All her life her parents had taught her to use sex as a way of gaining power. It was a tool, a weapon to be used for her own gain. Even procreation was a tool to increase a family’s standing. Secondly it was for recreation as long as scandal wasn’t involved that could bring shame to the family.
Yet at the University she had learned that sex was a way of expressing love. Some used it for recreation but Zalandri wasn’t sure she agreed with that. Ranatal, the closest thing to a friend she had, had spoken of sex as the ultimate expression of intimacy that was only to be used once married. Zalandri liked that idea the most. It was something so special and powerful that it was reserved for only the closest of relationships. It made it mean something.
Still, she really wanted to know what it was like.
Break over she went back to healing Layana.
Eventually Matog came back in carrying an armful of branches.
“I think we’re going to need an axe,” Matog said.
“And if we’re going to make a door, we’ll need a saw, nails and hinges. We can go to the town for those. I doubt the army has stamped their heal down on such a place,” Resha said.
“Well, there’ll be soldiers there to be sure, but I doubt they’ll bother us,” Matog said.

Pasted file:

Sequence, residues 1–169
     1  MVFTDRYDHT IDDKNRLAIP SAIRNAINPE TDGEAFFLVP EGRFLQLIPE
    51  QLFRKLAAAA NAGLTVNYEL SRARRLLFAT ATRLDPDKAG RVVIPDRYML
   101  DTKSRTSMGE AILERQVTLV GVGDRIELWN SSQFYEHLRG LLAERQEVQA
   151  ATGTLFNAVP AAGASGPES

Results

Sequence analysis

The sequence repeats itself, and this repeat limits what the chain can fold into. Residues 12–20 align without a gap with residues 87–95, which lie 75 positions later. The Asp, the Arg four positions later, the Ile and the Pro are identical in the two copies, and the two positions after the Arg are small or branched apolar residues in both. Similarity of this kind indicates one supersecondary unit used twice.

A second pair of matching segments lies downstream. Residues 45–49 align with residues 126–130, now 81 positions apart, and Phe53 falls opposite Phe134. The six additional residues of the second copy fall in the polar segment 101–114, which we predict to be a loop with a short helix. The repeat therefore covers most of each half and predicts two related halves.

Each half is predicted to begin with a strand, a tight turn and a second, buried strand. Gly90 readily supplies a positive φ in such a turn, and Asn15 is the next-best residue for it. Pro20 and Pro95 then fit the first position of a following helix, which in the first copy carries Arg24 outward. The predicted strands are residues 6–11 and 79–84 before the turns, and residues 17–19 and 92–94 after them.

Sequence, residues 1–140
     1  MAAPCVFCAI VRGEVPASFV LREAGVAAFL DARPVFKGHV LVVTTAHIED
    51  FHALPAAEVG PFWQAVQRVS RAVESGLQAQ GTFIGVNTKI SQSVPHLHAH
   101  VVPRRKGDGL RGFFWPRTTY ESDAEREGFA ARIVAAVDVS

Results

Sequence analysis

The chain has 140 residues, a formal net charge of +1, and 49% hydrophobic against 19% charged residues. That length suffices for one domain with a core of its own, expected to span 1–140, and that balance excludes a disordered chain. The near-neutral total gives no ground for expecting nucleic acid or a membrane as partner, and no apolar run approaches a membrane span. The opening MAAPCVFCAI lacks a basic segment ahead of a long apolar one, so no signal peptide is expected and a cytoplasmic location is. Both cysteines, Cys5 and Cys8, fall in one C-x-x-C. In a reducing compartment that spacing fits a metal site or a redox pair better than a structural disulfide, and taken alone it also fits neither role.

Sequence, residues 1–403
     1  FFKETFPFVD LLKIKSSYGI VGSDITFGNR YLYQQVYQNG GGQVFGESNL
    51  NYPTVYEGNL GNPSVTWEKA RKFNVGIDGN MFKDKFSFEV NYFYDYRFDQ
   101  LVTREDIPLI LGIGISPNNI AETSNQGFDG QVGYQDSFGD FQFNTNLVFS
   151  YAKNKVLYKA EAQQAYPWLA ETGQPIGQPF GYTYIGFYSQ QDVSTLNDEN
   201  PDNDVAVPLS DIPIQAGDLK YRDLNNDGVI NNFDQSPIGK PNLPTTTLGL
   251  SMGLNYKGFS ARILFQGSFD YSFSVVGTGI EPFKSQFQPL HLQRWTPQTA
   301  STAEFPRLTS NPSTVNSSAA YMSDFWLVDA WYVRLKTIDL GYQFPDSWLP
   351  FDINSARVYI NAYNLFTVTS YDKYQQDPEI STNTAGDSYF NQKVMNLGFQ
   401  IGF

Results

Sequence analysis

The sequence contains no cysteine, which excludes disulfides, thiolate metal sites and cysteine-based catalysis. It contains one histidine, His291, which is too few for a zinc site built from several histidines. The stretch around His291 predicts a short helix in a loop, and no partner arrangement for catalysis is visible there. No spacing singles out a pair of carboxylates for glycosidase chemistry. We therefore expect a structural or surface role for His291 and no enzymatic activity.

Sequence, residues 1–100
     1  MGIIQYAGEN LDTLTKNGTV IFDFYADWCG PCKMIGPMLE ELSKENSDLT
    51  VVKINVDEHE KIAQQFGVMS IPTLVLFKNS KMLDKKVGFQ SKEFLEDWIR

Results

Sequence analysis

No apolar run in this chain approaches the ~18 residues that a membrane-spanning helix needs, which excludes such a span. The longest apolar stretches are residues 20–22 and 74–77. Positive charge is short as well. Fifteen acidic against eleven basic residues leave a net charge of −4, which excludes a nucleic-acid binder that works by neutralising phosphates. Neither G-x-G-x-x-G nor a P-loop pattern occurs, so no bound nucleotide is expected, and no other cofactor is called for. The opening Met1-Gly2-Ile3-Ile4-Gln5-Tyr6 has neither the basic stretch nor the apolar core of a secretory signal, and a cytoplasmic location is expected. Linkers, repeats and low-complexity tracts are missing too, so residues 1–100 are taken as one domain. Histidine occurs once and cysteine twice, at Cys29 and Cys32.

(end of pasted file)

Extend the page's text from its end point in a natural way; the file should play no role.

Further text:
“We’re going to need supplies and healthier food than these rations,” Resha said.
“I can make traps for squirrels and birds,” Matog said.
“We need to gather what we can and store up for winter,” Resha said.
“About that…I was thinking that maybe we should just spend the winter here,” Matog said.
“Why?” Resha asked.
“Why leave here just to travel a month and have to find another place to hole up? We have a safe, secure, comfortable place here. It’s not ideal but it’ll be the best we can find. We wait for spring and make the journey without stopping,” Matog said.
Zalandri thought it made sense. And though Resha shook her head, she could tell that she was thinking about it.
“It makes sense, Resha,” Zalandri said.
Resha looked angry and kicked her backpack.
Taka did her best to walk silently through the woods. She kept track of which direction the wind was going. She had wished she had Zalandri’s blunderbuss in case she saw any squirrels or birds. She just wasn’t good enough with a musket to hit it with one shot. The scatter effect of the blunderbuss made hitting so much easier.
“So, Taran, do you think we’re doomed?” Taka whispered.
“How do you mean?”
“Do you think we’ll ever get to Vatasha?”
“Of course we will. We just won’t get there this year. In the spring we will.”
“We have to make it through winter though. Are we going to stay here?”
“That would be the most reasonable choice.”
“I guess I need to start getting used to this place then.”
She looked over at the Human. He was larger than any Goblin and only the tallest Hobgoblins reached that height. He wasn’t as cute as most Goblins, but he had a different sort of charm. He was also the only male around that wouldn’t try to kill or capture her.
She wanted to be close to him. She knew she’d feel safe, secure and warm in his arms. He would make her forget those horrible three days. With him she wouldn’t have to worry about being hurt ever again. It was that security she wanted. He would make her safe and that was what she wanted.
Taka had heard that Humans generally didn’t consider Goblins attractive. She knew she was and knew he had to see it as well.
“Taran, you wouldn’t ever hurt me, right?”
“Of course not,” he said matter-of-factly.
“I’m safe with you.”